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Short Takes: April 2014 

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The Wicked
Douglas Nicholas
Atria, 2014, $16

In the follow-up to his lyrical historical enchantment Something Red, High Falls poet Nicholas sets his close-knit, courageous family of 13th-century vagabonds a new challenge. At a castle by the North Sea, souls are being stolen; wise woman Molly and her motley crew are the only hope in this horribly delightful page-turner. Appearing 4/4 at 7pm, Inquiring Minds, New Paltz; 4/19 at 2pm, Golden Notebook, Woodstock.

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Dying Every Day: Seneca at the Court of Nero
James Romm
Alfred A. Knopf, 2014, $27.95

Rome burns, Nero fiddles, Seneca writes. Was the mad Emperor's tutor a martyred sage, a manipulative power broker, or both? Bard classics professor Romm's compulsively readable account of imperial intrigues (incest, murder, suicide) brings contradictory visions of Seneca into three-dimensional focus. Appearing 4/2 at 5:30pm, SUNY New Paltz; 4/10 at 7:30pm, Tivoli Town Library; 4/12 at 11am, Pawling Book Cove.

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My Lady of the Bog
Peter Hayes
The Permanent Press, 2014, $28

If you find a naked woman's corpse in an English bog, pinned down with rune-covered stakes, read before removing. The inscription might say, "Do not remove—she's a witch." Luckily for readers, Xander Donne misses the memo in this mind-bending "archeo-forensic mystery" by Ulster County writer-musician Hayes, unearthing long-buried secrets that spin back to medieval Rajasthan.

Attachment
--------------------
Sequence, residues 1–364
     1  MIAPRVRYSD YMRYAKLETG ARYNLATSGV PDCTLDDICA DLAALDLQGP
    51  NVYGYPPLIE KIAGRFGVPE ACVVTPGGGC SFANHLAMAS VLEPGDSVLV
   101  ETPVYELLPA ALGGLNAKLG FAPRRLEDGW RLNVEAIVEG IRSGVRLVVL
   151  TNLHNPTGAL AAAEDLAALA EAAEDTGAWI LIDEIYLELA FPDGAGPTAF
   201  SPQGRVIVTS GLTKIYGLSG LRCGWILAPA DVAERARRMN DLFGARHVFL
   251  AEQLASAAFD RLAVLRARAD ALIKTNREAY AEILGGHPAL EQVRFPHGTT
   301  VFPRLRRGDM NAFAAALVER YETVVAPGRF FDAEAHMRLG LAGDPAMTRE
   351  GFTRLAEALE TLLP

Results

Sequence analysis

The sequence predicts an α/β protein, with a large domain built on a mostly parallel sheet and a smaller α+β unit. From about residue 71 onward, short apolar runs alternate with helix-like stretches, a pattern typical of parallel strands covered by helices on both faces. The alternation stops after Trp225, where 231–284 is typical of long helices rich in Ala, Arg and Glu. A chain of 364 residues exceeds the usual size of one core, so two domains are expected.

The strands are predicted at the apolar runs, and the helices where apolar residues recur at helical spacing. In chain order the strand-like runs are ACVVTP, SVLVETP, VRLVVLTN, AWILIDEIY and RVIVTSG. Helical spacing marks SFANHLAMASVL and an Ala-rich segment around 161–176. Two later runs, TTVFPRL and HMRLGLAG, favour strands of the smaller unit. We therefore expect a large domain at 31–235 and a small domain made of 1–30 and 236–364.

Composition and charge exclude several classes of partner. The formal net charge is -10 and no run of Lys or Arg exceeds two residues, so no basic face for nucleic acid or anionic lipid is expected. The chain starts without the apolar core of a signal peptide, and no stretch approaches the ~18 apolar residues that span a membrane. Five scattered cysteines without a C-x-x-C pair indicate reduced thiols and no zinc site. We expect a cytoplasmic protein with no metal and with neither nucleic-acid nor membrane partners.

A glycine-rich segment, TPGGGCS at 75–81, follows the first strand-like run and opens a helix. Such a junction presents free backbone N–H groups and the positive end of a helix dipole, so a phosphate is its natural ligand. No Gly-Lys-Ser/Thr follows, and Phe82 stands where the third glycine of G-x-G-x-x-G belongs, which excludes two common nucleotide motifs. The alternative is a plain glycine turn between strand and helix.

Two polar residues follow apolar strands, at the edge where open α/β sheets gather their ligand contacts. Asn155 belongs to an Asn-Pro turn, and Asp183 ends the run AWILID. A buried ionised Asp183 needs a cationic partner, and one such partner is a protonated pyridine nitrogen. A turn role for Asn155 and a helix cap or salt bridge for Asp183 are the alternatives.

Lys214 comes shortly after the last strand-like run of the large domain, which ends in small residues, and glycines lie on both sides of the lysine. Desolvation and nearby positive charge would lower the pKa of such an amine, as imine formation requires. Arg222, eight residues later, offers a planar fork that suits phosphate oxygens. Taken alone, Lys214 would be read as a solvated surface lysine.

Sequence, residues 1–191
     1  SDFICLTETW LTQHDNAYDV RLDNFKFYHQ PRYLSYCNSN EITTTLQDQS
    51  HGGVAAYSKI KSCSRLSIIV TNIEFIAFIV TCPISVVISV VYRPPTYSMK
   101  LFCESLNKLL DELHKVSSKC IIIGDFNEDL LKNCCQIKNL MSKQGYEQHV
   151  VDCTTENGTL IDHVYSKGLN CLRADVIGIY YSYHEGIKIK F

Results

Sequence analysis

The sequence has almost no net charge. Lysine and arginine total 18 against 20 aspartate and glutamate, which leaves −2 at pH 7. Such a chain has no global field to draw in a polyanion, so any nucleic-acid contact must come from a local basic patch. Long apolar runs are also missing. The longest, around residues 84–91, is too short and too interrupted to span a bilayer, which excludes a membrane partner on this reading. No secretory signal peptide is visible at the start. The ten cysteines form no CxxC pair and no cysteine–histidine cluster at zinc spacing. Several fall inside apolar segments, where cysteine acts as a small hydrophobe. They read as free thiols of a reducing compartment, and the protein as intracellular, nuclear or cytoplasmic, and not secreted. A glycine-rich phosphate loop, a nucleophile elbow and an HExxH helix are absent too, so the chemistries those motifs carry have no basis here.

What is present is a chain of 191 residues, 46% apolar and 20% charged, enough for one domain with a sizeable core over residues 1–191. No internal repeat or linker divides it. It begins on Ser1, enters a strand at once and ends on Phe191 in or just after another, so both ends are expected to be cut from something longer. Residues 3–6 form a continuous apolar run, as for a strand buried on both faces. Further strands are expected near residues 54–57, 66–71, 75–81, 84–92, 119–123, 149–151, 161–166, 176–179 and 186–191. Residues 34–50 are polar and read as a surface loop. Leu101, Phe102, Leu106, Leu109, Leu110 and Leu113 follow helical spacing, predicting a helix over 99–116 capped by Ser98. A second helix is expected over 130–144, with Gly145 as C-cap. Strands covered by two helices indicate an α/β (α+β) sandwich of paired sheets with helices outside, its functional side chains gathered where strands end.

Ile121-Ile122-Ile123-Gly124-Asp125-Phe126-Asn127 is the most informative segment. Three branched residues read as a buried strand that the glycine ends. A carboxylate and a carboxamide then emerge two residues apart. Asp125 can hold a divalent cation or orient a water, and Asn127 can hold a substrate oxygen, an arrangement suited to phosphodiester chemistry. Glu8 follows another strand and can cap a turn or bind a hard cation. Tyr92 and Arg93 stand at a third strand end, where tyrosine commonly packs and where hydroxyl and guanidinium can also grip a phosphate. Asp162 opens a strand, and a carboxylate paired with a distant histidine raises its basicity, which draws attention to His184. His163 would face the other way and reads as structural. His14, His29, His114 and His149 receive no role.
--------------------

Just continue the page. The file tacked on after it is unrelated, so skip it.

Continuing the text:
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Dying On the Job: Murder and Mayhem In The American Workplace
Ronald D. Brown
Rowman & Littlefield, 2013, $38

Though body counts soar every year and terms like "disgruntled employee" and "going postal" have entered the public discourse, the phenomenon of workplace murder is little explored. This wide-ranging book by a Beacon resident, former federal prosecutor, and criminal defense attorney should change that, offering juicy true-crime narratives, warning signs of "human time bombs," and response strategies for employers.

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Riptides & Solaces Unforeseen
Debby Mayer
Epigraph, 2014, $14.95

An avid runner slows down; his speech starts to slur. Within weeks, he's deep into a medical crisis no one can diagnose. Four months later, he's dead of brain cancer. Hudson author Mayer chronicles the season in hell that prompted her blog 2becomes1: Widowhood for the Rest of Us in unsentimental, clear prose that lands like a body blow. Step by step, she finds her way through.

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Cutting Along the Color Line: Black Barbers and Barber Shops in America
Quincy T. Mills
University of Pennsylvania Press, 2013, $34.95

Vassar history professor Mills uses the iconic black barbershop as a lens on social history and race. Though post-abolition black barbers could achieve economic mobility, like railroad porters and other service professionals, their clients were white. Mills maps the path to desegregation and barbershop as neighborhood hub in this well-researched and fascinating study.

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